The Island at the Center of the World

The Iowa Cau­cus results last night got me think­ing about the many com­pet­ing polit­i­cal cul­tures present through­out Amer­i­can his­to­ry. Indi­vid­u­al­ist vs. com­mu­ni­tar­i­an, rich vs. poor, urban vs. rur­al… but, at the core of our nation­al psy­che is this ten­sion between the lofty ideals set forth by the Founders, and our attempts and fail­ings to live up to them. For every shin­ing exam­ple of Lin­coln, FDR, and Mar­tin Luther King Jr., there are gen­er­a­tions of back-slid­ers who prey upon fear in order to gain polit­i­cal advan­tage. Sure, to every­thing there is a sea­son, but I’m glad to see that the vot­ers in Iowa embraced hope and reject­ed cyn­i­cism, on both sides of the polit­i­cal spec­trum.

The Island at the Center of the WorldHis­to­ry is writ­ten by the win­ners, which is why Amer­i­cans tend to think of our colo­nial past and demo­c­ra­t­ic begin­nings as built upon and in reac­tion to Eng­lish insti­tu­tions alone – but the sto­ry is a lit­tle more com­pli­cat­ed. It’s not often that I do book reviews, but I just fin­ished re-read­ing The Island at the Cen­ter of the World, The Epic Sto­ry of Dutch Man­hat­tan and the For­got­ten Colony that Shaped Amer­i­ca [excerpt] by jour­nal­ist his­to­ri­an Rus­sell Shorto, and want­ed to rec­om­mend it to any­one look­ing for some inter­est­ing read­ing on the ori­gins of this country.

The tra­di­tion­al telling of colo­nial Amer­i­ca focus­es almost exclu­sive­ly on the Eng­lish colonies in Vir­ginia and New Eng­land. But, Shorto reminds us that the Dutch were the first Euro­peans to set­tle the island of Man­hat­tan, and built some of the most last­ing ideals and insti­tu­tions into the fab­ric of Amer­i­can polit­i­cal and cul­tur­al life.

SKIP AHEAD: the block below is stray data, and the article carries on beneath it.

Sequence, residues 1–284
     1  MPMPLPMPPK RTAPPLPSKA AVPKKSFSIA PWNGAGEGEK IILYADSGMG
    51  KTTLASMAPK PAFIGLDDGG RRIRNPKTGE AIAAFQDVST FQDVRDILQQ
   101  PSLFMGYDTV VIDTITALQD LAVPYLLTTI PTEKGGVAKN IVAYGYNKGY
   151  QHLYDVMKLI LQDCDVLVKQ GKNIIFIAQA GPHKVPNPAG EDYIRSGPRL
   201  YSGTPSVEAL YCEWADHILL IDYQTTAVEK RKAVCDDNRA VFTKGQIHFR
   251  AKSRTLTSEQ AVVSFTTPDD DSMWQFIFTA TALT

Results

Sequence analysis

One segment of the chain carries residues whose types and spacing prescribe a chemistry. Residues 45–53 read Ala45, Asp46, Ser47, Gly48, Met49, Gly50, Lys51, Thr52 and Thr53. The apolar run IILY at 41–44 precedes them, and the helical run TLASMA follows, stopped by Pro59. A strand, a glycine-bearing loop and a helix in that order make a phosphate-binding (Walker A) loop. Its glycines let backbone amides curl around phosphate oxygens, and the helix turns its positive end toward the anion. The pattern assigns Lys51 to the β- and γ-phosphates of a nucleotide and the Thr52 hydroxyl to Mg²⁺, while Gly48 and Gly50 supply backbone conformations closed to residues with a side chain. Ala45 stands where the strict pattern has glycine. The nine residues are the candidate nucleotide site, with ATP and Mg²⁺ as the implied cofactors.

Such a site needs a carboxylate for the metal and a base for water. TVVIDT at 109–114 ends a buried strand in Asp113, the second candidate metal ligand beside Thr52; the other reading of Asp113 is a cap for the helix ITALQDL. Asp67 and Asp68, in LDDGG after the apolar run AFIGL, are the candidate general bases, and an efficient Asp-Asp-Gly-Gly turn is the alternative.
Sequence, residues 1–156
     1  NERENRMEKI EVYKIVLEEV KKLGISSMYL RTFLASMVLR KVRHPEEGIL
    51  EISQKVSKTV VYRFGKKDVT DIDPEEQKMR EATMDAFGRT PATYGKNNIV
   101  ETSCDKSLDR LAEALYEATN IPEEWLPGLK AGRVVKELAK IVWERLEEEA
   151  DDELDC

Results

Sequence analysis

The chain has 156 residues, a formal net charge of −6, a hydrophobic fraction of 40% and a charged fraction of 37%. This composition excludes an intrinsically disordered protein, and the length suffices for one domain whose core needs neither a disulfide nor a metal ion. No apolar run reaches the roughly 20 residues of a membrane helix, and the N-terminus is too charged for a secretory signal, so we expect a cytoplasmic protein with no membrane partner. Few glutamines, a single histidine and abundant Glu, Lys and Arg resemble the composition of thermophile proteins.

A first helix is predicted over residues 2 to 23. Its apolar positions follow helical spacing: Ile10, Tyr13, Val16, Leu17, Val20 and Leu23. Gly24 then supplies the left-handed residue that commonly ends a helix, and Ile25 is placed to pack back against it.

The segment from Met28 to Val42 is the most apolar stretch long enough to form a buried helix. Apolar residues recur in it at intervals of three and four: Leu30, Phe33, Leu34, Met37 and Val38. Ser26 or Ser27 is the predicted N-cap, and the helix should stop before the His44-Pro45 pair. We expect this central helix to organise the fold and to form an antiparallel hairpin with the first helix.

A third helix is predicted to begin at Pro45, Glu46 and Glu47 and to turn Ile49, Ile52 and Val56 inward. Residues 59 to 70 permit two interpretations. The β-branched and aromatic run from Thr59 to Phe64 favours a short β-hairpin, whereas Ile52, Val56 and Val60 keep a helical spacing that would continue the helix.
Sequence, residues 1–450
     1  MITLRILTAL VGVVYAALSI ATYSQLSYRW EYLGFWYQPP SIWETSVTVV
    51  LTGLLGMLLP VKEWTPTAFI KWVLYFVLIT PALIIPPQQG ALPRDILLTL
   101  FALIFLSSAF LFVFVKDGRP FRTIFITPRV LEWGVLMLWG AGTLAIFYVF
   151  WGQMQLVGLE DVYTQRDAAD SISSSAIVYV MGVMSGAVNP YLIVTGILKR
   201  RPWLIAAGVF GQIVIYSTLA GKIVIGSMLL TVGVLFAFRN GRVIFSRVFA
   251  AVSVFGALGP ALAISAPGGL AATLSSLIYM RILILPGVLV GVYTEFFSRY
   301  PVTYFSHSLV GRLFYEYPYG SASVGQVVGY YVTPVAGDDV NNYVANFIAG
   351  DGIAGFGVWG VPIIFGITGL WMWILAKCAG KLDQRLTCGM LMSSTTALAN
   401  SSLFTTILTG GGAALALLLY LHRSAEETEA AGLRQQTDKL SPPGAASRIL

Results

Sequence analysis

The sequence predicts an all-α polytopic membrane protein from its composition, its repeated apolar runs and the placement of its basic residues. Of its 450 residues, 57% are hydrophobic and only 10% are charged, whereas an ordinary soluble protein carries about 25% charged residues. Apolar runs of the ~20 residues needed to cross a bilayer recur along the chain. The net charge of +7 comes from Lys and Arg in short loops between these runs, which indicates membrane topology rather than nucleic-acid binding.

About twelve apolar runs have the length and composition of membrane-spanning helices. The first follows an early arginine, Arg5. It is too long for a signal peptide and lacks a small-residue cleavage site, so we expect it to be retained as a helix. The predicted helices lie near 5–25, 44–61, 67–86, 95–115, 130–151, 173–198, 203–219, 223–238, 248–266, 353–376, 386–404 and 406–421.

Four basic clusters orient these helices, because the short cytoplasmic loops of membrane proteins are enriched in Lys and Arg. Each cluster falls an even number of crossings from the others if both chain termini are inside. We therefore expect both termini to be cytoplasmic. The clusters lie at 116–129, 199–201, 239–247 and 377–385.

Tol­er­ance, plu­ral­ism, and mul­ti­cul­tur­al­ism were the norm in New Ams­ter­dam, (rel­a­tive­ly speak­ing for the 16th cen­tu­ry) – in stark con­trast to the mono­cul­tur­al theo­crat­ic mania in New England:

Because of its geog­ra­phy, its pop­u­la­tion, and the fact that it was under the con­trol of the Dutch (even then its par­ent city, Ams­ter­dam, was the most lib­er­al in Europe), this island city would become the first mul­ti­eth­nic, upward­ly mobile soci­ety on Amer­i­ca’s shores, a pro­to­type of the kind of soci­ety that would be dupli­cat­ed through­out the coun­try and around the world.

On the island of Man­hat­tan, the first Amer­i­can exper­i­ment with democ­ra­cy took root by the 1650s, and many of the insti­tu­tions and lib­er­ties were main­tained by the Eng­lish, after the Dutch surrender.

Shorto argues for recon­sid­er­a­tion of the for­got­ten colony of New Nether­land, and does a bril­liant job of pre­sent­ing new­ly trans­lat­ed sources in a live­ly, read­able way. He also argues that the unique (non-Eng­lish) char­ac­ter of this ear­ly set­tle­ment explains how New York rose to become the most impor­tant com­mer­cial and cul­tur­al city in the world.

When we think of the espoused Amer­i­can ideals of tol­er­ance, entre­pre­neuri­al­ism, and lib­er­ty, Shorto argues that we should first look to New Amsterdam:

…beneath the lev­el of myth and pol­i­tics and high ideals, down where real peo­ple live and inter­act, Man­hat­tan is where Amer­i­ca began.

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